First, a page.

The NYSE Oil Index ($XOI), home to the big oil companies such as Chevron Texaco (CVX), had a mild reaction to the heavy selling we saw in the rest of the market. XOI looks set to test its 50-day simple moving average in what looks to be a short-term pullback.

Chevron’s shares barely budged earlier in the week despite an ongoing, albeit short-lived strike by natural gas workers at its Australian facilities. That’s a strong showing of relative strength. You can see that short sellers are trying to knock the stock down (falling Accumulation/Distribution line), but buyers are not budging as the On Balance Volume (OBV) line is holding steady.

On the other hand, the very popular trading vehicle the Invesco QQQ Trust (QQQ) broke below the key support level offered by the $370 price point and its 20 and 50-day simple moving averages. This is an area that I highlighted here last week as being critical support. It now faces a test of the support area at $355. A break below that would likely take QQQ and the rest of the market lower.

An encouraging development is that the RSI for QQQ is nearing 30, which means it’s oversold. Let’s see what happens next. You can also see a similar pattern in the ADI/OBV indicators to what’s evident in CVX above, which suggests that when the shorts get squeezed, it could be an impressive move up.


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The Market’s Breadth Breaks Down and Heads to Oversold Territory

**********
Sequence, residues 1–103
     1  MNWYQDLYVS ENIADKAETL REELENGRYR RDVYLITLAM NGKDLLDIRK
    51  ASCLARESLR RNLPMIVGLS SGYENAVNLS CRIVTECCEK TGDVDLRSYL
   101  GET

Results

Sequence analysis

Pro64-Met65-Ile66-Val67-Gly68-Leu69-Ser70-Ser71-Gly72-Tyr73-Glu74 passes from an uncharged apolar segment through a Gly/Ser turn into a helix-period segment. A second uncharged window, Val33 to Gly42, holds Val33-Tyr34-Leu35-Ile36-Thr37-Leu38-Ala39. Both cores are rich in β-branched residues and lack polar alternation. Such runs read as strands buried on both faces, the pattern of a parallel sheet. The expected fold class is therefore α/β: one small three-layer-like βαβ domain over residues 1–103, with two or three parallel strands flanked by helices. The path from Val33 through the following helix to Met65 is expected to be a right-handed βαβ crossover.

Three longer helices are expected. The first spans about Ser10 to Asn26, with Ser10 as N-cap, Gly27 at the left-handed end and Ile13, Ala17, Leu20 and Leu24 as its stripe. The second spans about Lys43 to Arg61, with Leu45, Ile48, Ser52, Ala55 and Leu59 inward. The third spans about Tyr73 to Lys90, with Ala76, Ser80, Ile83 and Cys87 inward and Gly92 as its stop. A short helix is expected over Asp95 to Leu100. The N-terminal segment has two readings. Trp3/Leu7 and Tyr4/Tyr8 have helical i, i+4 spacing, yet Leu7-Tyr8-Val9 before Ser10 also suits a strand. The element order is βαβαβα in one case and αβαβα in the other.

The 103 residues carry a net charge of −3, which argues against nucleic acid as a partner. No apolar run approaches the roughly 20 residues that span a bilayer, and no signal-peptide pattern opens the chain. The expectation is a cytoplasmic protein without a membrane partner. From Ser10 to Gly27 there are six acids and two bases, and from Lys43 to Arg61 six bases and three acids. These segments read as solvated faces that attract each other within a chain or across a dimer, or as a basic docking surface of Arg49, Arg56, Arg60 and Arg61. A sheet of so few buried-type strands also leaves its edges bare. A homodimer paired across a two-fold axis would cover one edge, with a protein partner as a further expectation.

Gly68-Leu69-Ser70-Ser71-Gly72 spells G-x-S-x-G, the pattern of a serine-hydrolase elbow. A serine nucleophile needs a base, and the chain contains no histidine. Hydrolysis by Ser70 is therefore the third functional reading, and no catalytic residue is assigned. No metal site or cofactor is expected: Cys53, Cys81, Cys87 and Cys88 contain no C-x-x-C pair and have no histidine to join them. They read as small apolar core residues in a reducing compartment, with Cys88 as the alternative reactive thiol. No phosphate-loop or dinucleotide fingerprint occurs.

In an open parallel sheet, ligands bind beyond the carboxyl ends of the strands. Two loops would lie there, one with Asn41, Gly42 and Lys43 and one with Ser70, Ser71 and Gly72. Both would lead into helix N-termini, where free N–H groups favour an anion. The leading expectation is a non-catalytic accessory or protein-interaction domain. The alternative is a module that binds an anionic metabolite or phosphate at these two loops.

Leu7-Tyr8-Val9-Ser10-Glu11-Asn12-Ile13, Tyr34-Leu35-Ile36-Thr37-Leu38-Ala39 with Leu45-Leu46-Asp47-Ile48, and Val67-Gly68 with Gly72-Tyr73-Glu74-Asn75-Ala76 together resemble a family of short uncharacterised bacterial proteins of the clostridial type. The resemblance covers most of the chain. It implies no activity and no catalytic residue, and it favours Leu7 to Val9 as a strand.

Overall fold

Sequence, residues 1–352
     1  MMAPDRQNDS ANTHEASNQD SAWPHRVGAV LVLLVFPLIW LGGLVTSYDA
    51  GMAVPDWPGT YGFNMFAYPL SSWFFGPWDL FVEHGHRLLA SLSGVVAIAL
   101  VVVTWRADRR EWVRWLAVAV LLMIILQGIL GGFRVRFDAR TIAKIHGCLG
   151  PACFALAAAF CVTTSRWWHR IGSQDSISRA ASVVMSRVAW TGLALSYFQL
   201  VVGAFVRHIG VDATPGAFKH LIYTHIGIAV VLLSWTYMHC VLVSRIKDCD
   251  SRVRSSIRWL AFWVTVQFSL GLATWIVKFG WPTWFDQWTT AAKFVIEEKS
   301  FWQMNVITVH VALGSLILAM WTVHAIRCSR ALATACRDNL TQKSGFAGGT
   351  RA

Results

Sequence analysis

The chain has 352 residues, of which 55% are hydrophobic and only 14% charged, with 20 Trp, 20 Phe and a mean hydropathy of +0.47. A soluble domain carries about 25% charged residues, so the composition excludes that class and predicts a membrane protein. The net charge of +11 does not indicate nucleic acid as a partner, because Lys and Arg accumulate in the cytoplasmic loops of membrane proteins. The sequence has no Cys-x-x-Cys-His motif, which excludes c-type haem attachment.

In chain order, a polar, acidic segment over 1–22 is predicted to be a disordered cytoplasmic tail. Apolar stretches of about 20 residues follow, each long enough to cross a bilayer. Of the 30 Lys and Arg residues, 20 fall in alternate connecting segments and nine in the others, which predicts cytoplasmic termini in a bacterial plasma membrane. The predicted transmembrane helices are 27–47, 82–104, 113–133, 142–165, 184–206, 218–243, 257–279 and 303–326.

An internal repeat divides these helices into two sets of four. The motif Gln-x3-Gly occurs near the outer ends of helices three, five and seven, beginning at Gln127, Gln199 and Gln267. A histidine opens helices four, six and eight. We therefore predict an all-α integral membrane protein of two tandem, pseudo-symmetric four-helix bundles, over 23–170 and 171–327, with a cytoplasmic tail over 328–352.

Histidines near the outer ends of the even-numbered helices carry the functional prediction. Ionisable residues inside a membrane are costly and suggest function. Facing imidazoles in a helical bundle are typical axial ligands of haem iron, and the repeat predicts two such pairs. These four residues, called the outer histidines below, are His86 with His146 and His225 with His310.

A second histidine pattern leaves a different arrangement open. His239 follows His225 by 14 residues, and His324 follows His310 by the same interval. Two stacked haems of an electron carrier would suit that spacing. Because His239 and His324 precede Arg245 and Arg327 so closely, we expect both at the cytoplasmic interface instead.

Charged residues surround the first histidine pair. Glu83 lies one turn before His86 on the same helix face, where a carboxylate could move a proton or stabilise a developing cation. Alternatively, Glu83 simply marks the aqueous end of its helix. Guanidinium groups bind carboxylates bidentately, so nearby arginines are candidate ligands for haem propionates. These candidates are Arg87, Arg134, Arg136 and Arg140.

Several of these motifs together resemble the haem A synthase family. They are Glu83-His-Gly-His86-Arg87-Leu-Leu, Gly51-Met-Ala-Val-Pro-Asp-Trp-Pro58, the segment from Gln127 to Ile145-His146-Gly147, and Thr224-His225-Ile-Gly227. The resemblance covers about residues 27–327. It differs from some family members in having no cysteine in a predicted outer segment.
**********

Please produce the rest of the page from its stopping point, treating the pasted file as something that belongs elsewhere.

The NYSE Advance Decline line ($NYAD) finally broke below its 20 and 50-day simple moving averages and is headed toward an oversold reading on the RSI, which is approaching the 30 area.

The Nasdaq 100 Index ($NDX) followed and is not testing the 14500–14750 support area. ADI is falling, but OBV is holding up, which means we will likely see a clash between short sellers and buyers at some point in the future.

The S&P 500 ($SPX) is in deeper trouble as it has broken below the key support at 4350 and its 20 and 50-day moving averages. On the other hand, SPX closed below its lower Bollinger Band on September 22, 2023, and is nearing an oversold level on RSI.  Still, the selling pressure was solid as ADI and OBV broke down.

VIX Remains Below 20  

The Cboe Volatility Index ($VIX) is still below the 20 area but is rising. A move above 20 would be very negative.

When VIX rises, stocks tend to fall as it signifies that traders are buying puts. Rising put volume is a sign that market makers are selling stock index futures in order to hedge their put sales to the public. A fall in VIX is bullish as it means less put option buying, and it eventually leads to call buying, which causes market makers to hedge by buying stock index futures, raising the odds of higher stock prices.

Liquidity is Tightening Some

Liquidity is tightening.  The Secured Overnight Financing Rate (SOFR) is an approximate sign of the market’s liquidity. It remains near its recent high in response to the Fed’s move and the rise in bond yields. A move below 5 would be bullish. A move above 5.5% would signal that monetary conditions are tightening beyond the Fed’s intentions. That would be very bearish. 


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Joe Duarte

In The Money Options


Joe Duarte is a former money manager, an active trader, and a widely recognized independent stock market analyst since 1987. He is author of eight investment books, including the best-selling Trading Options for Dummies, rated a TOP Options Book for 2018 by Benzinga.com and now in its third edition, plus The Everything Investing in Your 20s and 30s Book and six other trading books.

The Everything Investing in Your 20s and 30s Book is available at Amazon and Barnes and Noble. It has also been recommended as a Washington Post Color of Money Book of the Month.